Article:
Nations agree to release 60M barrels of oil amid Russian war
By DAVID McHUGH AP Business Writer
FRANKFURT, Germany (AP) — The International Energy Agency’s 31 member countries agreed Tuesday to release 60 million barrels of oil from their strategic reserves — half of that from the United States — “to send a strong message to oil markets” that supplies won’t fall short after the Russian invasion of Ukraine.
The board of the Paris-based IEA made the decision at an extraordinary meeting of energy ministers chaired by U.S. Energy Secretary Jennifer Granholm. She said in a statement that U.S. President Joe Biden approved a commitment of 30 million barrels and that the U.S. is ready to “take additional measures” if needed.
The group’s “decision reflects our common commitment to address significant market and supply disruptions related to President Putin’s war on Ukraine,” Granholm said.
Russia plays an outsized role in global energy markets as the third-largest oil producer. Its exports of 5 million barrels of crude per day amount to about 12% of the global oil trade. Some 60% goes to Europe and another 20% to China.
So far, U.S. and European sanctions have not barred oil or gas exports and have included exceptions for transactions to pay for oil and gas. Western leaders are reluctant to restrict Russian oil exports at a time when global energy markets are tight and high prices are fueling inflation in developed economies.
But the invasion has still shaken markets worldwide. On Tuesday, oil prices soared, with U.S. benchmark crude surpassing $106 per barrel — the highest price since 2014.
“The situation in energy markets is very serious and demands our full attention,” IEA executive director Fatih Birol said. “Global energy security is under threat, putting the world economy at risk during a fragile stage of the recovery.”
Last month, the IEA said global demand for oil was 100.2 million barrels a day in the fourth quarter of 2021. Demand is expected to grow to an average of 100.6 million barrels a day this year, as restrictions to limit the spread of COVID-19 are eased, the IEA said.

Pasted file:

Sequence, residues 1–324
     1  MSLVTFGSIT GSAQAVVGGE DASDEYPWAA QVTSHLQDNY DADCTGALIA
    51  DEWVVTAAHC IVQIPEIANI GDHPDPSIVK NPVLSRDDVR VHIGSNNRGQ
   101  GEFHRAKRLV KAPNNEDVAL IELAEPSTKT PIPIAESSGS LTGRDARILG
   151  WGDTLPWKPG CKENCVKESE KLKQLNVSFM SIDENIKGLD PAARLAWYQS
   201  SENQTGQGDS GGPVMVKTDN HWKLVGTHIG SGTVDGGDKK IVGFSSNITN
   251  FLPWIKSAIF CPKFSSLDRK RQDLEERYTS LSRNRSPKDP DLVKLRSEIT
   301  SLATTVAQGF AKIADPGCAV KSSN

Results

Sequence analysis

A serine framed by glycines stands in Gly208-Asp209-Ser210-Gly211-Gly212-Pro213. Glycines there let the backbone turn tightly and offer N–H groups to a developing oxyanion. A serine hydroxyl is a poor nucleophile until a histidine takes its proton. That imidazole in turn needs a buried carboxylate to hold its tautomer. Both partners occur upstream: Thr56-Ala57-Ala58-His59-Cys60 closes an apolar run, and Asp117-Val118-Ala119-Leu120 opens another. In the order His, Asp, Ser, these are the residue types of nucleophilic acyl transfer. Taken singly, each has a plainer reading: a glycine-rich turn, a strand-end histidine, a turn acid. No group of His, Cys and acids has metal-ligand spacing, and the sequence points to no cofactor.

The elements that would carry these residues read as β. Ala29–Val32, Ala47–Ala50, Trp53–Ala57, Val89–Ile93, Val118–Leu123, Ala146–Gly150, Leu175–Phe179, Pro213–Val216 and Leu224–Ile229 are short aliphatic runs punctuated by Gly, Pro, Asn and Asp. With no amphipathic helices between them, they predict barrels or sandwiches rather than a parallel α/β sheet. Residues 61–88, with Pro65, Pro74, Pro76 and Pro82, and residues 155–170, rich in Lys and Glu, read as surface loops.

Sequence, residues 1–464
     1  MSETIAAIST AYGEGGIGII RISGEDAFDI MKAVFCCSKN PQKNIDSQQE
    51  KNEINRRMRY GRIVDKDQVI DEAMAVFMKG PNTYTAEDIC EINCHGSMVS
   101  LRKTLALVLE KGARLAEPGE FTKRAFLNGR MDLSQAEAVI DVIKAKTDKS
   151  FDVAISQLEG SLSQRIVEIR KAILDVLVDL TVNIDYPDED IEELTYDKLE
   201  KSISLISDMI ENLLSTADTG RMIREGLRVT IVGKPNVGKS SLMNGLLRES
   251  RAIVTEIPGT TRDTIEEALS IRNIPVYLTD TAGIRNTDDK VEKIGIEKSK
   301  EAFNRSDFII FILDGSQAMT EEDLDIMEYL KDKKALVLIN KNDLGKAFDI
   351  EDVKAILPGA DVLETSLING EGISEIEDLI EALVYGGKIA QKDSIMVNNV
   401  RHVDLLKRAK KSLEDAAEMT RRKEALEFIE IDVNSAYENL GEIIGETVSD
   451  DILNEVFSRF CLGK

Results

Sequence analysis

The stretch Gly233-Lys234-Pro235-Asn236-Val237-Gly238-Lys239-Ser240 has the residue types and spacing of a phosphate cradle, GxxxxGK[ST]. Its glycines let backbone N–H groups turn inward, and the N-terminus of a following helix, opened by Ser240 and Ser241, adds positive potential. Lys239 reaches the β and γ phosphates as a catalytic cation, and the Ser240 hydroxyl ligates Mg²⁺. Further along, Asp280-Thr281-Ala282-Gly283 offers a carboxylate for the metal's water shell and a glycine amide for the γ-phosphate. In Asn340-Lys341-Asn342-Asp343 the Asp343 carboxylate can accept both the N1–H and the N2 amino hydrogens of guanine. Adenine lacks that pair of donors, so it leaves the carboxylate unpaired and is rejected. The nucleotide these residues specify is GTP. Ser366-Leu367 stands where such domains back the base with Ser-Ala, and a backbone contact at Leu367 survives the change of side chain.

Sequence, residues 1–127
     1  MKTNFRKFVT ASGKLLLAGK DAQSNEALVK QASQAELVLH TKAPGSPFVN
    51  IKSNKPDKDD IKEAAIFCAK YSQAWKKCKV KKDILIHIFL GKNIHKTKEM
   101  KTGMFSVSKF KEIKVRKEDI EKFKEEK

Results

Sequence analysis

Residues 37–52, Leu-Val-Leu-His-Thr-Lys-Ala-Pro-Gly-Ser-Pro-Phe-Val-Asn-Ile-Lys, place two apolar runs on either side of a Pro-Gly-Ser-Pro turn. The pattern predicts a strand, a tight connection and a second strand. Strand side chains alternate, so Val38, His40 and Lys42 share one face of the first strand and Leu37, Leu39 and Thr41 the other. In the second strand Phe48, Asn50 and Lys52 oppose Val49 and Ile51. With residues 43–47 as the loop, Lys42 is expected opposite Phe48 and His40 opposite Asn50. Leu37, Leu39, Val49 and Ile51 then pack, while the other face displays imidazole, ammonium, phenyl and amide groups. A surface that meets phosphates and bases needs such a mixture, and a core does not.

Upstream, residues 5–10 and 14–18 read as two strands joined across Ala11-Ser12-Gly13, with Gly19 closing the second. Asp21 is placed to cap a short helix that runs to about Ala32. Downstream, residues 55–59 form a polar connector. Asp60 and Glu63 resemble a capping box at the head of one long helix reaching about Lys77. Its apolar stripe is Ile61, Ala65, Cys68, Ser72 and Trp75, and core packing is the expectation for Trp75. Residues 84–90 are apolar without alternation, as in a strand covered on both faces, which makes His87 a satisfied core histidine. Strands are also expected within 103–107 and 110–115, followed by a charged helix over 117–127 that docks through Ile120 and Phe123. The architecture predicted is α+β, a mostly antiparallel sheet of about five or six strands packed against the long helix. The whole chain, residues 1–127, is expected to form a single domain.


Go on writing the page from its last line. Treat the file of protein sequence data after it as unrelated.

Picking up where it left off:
Besides the United States, other members of the organization include Germany, France, the United Kingdom, Japan and Canada. IEA members hold emergency stockpiles of 1.5 billion barrels of oil. The release amounts to 4% of stockpiles, or roughly 2 million barrels per day for 30 days.
It’s only the fourth time in history that the IEA has done a coordinated drawdown since the reserves were established in the wake of the Arab oil embargo in 1974.
From the U.S. perspective, the price of crude oil determines a big portion of what drivers pay to fill up their cars with gasoline. The national average for a gallon of gas is $3.61, which is 26 cents more than a month ago and 90 cents more than a year ago, according to motor club federation AAA.
In 2021, the U.S. imported roughly 245 million barrels of crude oil and petroleum products from Russia — a one-year increase of 24% over 2020. Nearly 8% of U.S. imports of crude oil and petroleum products that year came from Russia, based on data from the statistical arm of the U.S. Energy Department.
In November, Biden announced a release of 50 million barrels of oil in coordination with other energy-importing countries, but the measure had only a fleeting impact on oil prices, which have continued to rise.
Stewart Glickman, an oil analyst for CFRA Research, said the latest release from the SPR would only be partially helpful, because most of the reserves are light oil, while the U.S. largely imports a heavier grade of oil from Russia.
“Refiners plan around a certain blend of crudes, so you can’t always just swap out one for another easily,” he said.
Granholm stressed the need to invest in renewable energy as a way to reduce dependence on Russian oil and natural gas.
To that end, Democratic Sen. Joe Manchin of West Virginia called on Biden and the oil industry to take immediate action “up to and including banning crude oil imports from Russia.”
“If there was ever a time to be energy independent, it is now,” said Manchin, who supports fossil fuels such as coal and natural gas that are his crucial to his energy-producing state.
Associated Press writer Matthew Daly contributed from Washington. Business Writer Alex Veiga contributed from Los Angeles.